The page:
Dr Vaibhao Janbandhu in the lab

Cardiac fibrosis heart mapped

Mapping the heart to prevent damage caused by a heart attack

22 June 2024

Scientists at the Victor Chang Cardiac Research Institute have produced a first-of-its-kind integrated map of heart cells that unlocks the process of cardiac fibrosis, a major cause of heart failure.

The discovery opens new avenues to develop targeted drugs to prevent scarring damage caused after a heart attack.

During and after a heart attack, the heart’s muscles are damaged, leading to the formation of scar tissue that lacks the elasticity and contractility of healthy heart muscle. This damage is permanent and can affect the heart’s ability to pump blood, eventually leading to heart failure.

Professor Richard Harvey

Professor Richard Harvey, who led the study alongside the Institute’s Dr Ralph Patrick and Dr Vaibhao Janbandhu, says this is a major step forward in understanding cardiac fibrosis – which accompanies virtually all forms of heart disease including the overloading of the heart due to high blood pressure.

“Millions if not billions of dollars have been poured into seeking new drugs to control cardiac fibrosis over the years, but these efforts have largely failed. There is an urgent need to develop novel treatments that could arrest or even reverse cardiac fibrosis, benefiting millions of people,” says Professor Harvey.

“Fibrosis is an essential part of the body’s way of healing. But in the heart, if the disease triggers are not resolved, the process can go too far, causing scarring that is incredibly harmful to heart function and a major cause of heart failure.

“For the first time, using revolutionary technology that enables us to analyse gene expression in single cells, we have been able to map out the progressive cell states involved in cardiac fibrosis and how these cells evolve day by day."

The team analysed the RNA signatures from one hundred thousand single cells focusing on those involved in fibrosis, integrating data from several pioneering studies on a variety of heart disease states.

It allowed them to produce an integrated cellular map of a mouse model heart that pinpoints cells and pathways involved in fibrosis.

The study identified resting cells, activated cells, an inflammatory population, a progenitor pool, dividing cells, and specialised cells called myofibroblasts and matrifibrocytes.

It discovered that myofibroblasts, which are believed to be the major drivers of scarring but absent in healthy hearts, start to form three days after a heart attack in a mouse model before peaking at day five. They are then resolved to a form called matrifibrocytes, which may prevent the scar from resolving.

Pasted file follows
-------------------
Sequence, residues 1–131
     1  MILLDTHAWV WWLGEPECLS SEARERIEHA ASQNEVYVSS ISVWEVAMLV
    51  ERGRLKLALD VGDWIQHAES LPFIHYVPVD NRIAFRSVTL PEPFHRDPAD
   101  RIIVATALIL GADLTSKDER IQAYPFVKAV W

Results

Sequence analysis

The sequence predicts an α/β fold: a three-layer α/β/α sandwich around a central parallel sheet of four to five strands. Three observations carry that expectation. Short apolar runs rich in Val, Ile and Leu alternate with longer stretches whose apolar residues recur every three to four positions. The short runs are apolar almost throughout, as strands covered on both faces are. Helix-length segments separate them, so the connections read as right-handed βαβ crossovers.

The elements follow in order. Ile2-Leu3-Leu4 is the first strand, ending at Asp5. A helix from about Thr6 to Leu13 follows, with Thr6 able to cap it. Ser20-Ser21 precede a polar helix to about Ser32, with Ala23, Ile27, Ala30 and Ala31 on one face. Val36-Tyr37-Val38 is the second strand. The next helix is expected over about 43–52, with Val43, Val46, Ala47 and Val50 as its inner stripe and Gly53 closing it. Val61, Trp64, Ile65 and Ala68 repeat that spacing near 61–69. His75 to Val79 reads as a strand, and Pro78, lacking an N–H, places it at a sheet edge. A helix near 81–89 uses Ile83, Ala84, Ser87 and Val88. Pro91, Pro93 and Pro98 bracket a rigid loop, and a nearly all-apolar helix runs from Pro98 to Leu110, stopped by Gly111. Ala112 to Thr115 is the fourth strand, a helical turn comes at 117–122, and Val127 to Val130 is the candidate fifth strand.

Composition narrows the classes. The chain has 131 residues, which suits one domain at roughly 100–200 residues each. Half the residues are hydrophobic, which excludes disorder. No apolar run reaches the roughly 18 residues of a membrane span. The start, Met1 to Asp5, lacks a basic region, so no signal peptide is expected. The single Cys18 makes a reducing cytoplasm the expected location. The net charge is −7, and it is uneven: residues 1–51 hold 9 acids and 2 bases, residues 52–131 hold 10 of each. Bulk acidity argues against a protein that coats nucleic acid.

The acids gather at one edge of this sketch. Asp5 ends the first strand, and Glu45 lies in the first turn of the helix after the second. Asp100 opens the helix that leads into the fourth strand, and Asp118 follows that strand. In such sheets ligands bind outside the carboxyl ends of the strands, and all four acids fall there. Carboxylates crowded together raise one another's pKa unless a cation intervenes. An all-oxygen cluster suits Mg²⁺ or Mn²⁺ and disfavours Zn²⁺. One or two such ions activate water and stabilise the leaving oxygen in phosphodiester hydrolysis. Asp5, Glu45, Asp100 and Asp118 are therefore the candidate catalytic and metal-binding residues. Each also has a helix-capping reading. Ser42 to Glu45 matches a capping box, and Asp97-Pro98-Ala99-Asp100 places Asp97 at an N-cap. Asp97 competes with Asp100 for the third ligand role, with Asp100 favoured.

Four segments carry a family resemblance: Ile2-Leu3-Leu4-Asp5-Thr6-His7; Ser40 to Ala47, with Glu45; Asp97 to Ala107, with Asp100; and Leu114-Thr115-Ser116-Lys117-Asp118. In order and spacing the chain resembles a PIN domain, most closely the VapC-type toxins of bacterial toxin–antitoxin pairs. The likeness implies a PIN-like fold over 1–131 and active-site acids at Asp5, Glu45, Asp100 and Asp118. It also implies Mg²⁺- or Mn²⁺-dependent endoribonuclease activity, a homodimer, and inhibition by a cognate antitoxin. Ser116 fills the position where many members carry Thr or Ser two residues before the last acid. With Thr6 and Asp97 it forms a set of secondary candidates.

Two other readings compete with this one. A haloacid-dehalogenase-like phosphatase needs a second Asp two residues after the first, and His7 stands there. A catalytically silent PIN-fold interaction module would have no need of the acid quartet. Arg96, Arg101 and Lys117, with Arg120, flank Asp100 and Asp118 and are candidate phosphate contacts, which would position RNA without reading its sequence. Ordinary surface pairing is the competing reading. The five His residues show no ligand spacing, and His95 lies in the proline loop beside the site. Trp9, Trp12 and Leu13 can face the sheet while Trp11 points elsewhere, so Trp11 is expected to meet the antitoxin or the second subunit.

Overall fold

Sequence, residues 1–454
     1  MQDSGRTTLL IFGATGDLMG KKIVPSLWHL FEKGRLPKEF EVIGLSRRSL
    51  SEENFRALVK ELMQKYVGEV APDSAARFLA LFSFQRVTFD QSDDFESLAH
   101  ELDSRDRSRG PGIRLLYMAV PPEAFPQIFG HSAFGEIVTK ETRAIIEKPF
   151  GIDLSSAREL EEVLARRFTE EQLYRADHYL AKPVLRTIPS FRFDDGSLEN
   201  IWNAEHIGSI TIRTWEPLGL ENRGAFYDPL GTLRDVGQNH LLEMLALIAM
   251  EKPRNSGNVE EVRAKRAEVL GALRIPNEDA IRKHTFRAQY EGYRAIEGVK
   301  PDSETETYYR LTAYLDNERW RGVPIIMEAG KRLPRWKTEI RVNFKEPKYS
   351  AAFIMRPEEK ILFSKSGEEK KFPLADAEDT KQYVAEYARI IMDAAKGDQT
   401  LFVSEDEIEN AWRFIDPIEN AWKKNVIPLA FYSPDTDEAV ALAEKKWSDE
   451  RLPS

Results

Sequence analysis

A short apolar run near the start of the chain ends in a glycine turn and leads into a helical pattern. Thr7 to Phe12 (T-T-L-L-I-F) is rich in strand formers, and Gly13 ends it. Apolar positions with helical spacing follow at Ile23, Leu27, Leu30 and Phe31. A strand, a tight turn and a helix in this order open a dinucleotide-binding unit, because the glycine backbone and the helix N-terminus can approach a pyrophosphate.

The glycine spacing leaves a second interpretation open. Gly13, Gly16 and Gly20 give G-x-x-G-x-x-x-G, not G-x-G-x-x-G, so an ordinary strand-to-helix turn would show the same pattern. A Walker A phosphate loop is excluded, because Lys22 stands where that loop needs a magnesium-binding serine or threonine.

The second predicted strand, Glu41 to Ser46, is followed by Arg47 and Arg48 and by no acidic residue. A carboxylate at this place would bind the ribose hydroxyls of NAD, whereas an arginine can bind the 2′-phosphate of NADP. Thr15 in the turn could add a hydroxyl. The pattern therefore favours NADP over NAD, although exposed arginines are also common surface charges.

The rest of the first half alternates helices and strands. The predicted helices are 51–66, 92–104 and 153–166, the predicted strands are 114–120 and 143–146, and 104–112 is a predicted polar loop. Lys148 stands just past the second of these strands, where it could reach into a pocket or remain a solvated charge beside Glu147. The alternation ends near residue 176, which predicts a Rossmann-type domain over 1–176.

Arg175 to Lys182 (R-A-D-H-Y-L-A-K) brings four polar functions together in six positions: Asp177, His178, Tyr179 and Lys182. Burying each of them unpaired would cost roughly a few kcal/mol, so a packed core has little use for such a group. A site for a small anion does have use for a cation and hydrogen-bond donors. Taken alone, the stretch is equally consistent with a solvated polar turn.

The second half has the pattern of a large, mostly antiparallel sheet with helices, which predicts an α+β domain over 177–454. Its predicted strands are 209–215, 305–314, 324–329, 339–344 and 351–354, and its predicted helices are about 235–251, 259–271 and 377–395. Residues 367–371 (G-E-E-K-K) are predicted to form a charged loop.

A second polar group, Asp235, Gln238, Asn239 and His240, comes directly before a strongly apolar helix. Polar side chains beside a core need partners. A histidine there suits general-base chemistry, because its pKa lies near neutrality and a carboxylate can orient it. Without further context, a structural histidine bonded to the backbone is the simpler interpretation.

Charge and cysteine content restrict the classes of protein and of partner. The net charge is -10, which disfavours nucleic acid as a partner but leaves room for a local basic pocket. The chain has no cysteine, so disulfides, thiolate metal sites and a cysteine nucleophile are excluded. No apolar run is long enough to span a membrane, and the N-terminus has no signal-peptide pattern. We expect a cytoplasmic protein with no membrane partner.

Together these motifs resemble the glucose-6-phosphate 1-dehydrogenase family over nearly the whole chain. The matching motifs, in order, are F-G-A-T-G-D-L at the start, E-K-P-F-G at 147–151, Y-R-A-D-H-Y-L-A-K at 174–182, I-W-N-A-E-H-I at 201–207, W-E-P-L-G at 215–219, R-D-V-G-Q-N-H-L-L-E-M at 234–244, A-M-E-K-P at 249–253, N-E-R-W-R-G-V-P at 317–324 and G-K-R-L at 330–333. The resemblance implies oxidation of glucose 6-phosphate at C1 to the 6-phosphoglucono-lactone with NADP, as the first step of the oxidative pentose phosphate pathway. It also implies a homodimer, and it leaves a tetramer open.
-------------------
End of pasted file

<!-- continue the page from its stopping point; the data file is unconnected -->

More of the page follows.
Dr Vaibhao Janbandhu

The study, published in Science Advances, also explored other heart disease models induced heart failure induced by high internal blood pressures as a result of aortic stenosis or hypertension.

Dr Janbandhu says: “We have found a surprising similarity in fibrosis progression in very different types of heart diseases. Myofibroblasts were abundant early on during hypertension and then resolved into matrifibrocytes, just as they are after a heart attack.

“This opens the doors to future therapies that will be able to target specific cell types or processes in different heart diseases. This will hopefully prevent healthy cells from being permanently damaged."

The study used data from both mouse models and human patients, although in humans, heart failure may take decades to evolve, so the exact cell types and the timing of processes in human patients need to be explored in greater detail.

Dr Janbandhu adds: “Persistent high blood pressure can have devastating consequences, but it is treatable, highlighting the need to monitor for high blood pressure and get it under control quickly.”

The team has also created the CardiacFibroAtlas, a web tool for researchers worldwide. It allows users to visualize and analyse how genes behave in heart attacks and related health problems.

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Acknowledgement of Country

The Victor Chang Cardiac Research Institute acknowledges Traditional Owners of Country throughout Australia and recognises the continuing connection to lands, waters and communities. We pay our respect to Aboriginal and Torres Strait Islander cultures; and to Elders past and present.

Victor Chang Cardiac Research Institute - The Home of Heart Research for 30 Years